Consider that as other avenues for promoting medications are being closed off, so-called "health web sites" are being flooded with paid ads and press releases, such as, which just posted a Janssen press release, verbatim, about the FDA approval of Risperdal for bipolar, on a page covered with pharmaceutical advertising.


I don't think the issue of bagels or no bagels at APA sessions is going to affect the juggernaut of pharmaceutical marketing. It's just morphing into another insidious form.

Roy M. Poses MD said...

I agree that at least a "product theater" is obvious, not stealth marketing. But why is it necessary to have marketing directly connected with a medical society meeting at all? The association still effectively gives it some sort of official endorsement.

Gina Pera said...

Well, not only did I see no bagels at the APA today (Tuesday), there was nary a pen, a paper pad, or even a peppermint in the exhibit hall. Sort of reminded me of traveling to Soviet Bloc countries in the 1970s.

What I did see, in the program, was a full slate on personality disorders and especially borderline personality disorder. Wow. There seems to be a real obsession.

Only one lecture on ADHD -- pharma-sponsored, it looks like. And from all reports, excellent. Tim Wilens did a great job, as usual. Don't know the other presenters.

Just amazing, though...sitting for hours through all those ppt slides on personality disorders, BPD -- with all the talk of impulsivity, overactive limbic systems, mood lability, etc. and not one utterance of ADHD. It's like the dx whose name we dare not speak. The Voldemort of the APA.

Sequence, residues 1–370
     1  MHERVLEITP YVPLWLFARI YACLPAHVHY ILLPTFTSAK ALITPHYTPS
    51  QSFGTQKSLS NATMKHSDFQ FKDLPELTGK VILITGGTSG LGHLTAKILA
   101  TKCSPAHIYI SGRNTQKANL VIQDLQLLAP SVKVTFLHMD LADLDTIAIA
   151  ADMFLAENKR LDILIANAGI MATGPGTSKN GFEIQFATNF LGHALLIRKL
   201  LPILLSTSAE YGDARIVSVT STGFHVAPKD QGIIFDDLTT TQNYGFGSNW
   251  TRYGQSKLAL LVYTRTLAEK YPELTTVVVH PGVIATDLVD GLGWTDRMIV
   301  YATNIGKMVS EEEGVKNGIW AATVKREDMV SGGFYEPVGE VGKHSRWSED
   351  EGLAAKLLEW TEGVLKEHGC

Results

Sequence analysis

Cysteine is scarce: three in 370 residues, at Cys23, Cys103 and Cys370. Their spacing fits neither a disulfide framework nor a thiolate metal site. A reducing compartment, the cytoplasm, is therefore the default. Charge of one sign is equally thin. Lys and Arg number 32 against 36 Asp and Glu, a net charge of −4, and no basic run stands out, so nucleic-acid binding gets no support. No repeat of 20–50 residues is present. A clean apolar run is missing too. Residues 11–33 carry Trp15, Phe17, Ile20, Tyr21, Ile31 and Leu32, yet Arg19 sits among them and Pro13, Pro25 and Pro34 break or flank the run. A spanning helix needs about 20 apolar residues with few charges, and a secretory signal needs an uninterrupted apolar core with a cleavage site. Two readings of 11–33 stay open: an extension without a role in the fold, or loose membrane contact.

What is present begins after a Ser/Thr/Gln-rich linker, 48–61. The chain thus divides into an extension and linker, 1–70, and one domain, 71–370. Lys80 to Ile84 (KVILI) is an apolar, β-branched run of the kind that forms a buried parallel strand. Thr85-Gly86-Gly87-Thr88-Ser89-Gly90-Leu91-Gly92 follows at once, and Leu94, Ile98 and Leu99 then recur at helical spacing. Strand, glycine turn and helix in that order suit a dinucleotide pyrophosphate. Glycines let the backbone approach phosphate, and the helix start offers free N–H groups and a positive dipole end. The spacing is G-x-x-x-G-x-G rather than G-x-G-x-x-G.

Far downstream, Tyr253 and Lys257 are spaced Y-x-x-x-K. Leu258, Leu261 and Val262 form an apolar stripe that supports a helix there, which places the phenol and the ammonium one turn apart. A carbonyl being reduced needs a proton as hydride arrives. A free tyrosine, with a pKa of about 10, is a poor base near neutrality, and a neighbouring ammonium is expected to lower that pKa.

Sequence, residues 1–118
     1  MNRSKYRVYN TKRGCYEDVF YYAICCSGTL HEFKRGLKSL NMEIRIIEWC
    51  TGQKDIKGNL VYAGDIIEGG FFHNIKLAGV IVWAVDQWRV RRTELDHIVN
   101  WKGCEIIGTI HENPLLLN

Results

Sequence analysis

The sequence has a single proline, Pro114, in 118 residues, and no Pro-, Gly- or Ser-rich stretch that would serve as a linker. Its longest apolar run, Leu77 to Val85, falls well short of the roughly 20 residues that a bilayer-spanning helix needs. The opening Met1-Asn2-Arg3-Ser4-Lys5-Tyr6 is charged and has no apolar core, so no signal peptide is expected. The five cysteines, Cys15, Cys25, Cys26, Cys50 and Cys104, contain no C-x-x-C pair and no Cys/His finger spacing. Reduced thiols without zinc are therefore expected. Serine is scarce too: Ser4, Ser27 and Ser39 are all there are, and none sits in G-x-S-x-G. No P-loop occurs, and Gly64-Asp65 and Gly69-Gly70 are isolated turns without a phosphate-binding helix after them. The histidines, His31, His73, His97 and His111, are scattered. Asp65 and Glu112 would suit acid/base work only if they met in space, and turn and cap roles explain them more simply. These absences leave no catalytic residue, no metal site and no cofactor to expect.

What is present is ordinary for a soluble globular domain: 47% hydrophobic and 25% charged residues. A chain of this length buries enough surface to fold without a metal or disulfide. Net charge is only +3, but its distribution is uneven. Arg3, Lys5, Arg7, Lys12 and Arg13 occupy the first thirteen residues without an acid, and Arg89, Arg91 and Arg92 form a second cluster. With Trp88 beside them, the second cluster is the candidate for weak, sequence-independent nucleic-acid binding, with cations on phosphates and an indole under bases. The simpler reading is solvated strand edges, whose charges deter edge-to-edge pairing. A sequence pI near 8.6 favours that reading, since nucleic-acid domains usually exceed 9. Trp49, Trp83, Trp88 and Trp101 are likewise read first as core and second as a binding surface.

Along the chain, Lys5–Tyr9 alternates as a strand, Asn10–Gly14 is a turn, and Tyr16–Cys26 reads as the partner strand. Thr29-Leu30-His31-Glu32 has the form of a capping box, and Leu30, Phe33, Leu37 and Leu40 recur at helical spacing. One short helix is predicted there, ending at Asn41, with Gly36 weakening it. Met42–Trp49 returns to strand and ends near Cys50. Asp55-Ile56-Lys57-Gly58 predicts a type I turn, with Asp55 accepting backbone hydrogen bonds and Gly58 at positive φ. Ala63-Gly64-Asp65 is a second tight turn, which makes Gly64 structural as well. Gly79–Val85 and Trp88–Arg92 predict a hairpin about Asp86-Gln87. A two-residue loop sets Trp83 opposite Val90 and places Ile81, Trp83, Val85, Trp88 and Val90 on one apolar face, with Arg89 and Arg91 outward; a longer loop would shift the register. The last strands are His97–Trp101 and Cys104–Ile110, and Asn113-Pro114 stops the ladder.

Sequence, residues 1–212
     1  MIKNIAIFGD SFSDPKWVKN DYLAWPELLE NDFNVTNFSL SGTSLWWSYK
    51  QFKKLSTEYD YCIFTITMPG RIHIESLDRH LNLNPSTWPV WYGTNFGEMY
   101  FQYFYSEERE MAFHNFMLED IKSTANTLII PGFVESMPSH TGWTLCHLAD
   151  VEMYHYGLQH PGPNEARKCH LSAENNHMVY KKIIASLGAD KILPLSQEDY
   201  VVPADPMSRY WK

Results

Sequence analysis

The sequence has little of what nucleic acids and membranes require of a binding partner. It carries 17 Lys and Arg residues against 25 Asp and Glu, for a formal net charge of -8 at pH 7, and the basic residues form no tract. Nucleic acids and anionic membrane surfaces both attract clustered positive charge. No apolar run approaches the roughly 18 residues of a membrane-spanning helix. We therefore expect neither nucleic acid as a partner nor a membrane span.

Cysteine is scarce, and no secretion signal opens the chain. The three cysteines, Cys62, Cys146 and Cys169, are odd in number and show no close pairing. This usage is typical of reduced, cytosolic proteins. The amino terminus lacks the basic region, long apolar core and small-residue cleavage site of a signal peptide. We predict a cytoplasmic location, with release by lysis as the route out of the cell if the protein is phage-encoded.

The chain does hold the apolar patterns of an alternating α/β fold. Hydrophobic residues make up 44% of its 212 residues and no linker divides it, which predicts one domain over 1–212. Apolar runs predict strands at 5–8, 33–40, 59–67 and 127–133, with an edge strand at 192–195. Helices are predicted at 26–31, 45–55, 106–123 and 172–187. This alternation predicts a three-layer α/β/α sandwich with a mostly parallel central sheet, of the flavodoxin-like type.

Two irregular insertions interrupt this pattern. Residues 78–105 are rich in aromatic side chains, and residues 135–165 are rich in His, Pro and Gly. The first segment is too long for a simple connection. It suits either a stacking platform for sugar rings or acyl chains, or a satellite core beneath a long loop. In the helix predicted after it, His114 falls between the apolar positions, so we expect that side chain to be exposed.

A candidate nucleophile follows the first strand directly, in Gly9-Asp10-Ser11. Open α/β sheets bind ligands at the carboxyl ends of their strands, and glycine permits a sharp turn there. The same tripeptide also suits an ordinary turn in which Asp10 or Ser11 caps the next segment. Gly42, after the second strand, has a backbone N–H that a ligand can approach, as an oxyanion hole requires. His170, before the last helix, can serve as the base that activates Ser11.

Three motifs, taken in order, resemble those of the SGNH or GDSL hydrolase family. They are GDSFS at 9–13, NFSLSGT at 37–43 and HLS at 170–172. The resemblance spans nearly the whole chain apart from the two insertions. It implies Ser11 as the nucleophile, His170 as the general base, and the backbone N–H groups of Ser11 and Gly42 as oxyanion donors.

Maybe I'm missing something. But I don't think so.

The Mind Games sessions was amusing, though -- psychiatric "Jeopardy" with three teams competing: University of Texas, Houston, Albert Einstein, and UPenn. (Albert Einstein won).

If you're looking for a quick lunch, check out the indoor farmer's market on the far end of the Metreon, at the corner of Yerba Gardens and the Moscone Center. You can take it outside and eat in the grass. (The French Bakery is the hit of every farmer's market on the Peninsula.)

James M. La Rossa Jr. said...

Well done, Gina. The French Bakery is a civilized respite from this particularly sleepy and odious APA. I left after 24-hours myself — in typically guilt-ridden form — wondering what I had done to contribute to the undoing of our once-robust field. I get this same sinking feeling when (fiction) writers write about writing. Makes me long for a dog and a deck of playing cards. Ahhh, memories.

Gina Pera said...

Awwwww, come on, Roy. You really want the All-Personality Disorder APA conference? This is 2008, after all, and science isn't a dirty word in this White House. :-)

Honestly, that program was really an embarrassment, IMHO. Not only the unimaginative range of topics but the sheer unreadability of the darn thing. No graphic devices to guide the user as to the time slots, etc.. In fact, no empathy at all for the user (hmmm).

I hear that's one of the big changes the incoming APA prez is aiming for: a more readable conference program.

Glad you enjoyed the bakery, James. It was sort of a depressing atmosphere, wasn't it (and mighty white)? And that's so surprising to me because from where I sit, patients who have languished for years have unprecedented reason for hope.

Now if we can just find the resources to pay for skilled clinicians who understand the term "titrate" and know how to implement multi-modal strategies. Heck, even Jim Carrey was on Larry King talking about neurotransmitter precursors (tyrosine, etc.). If people can't reliably learn about these topics from their doctors, they'll turn to what I suspect will soon be Carrey's infomercial.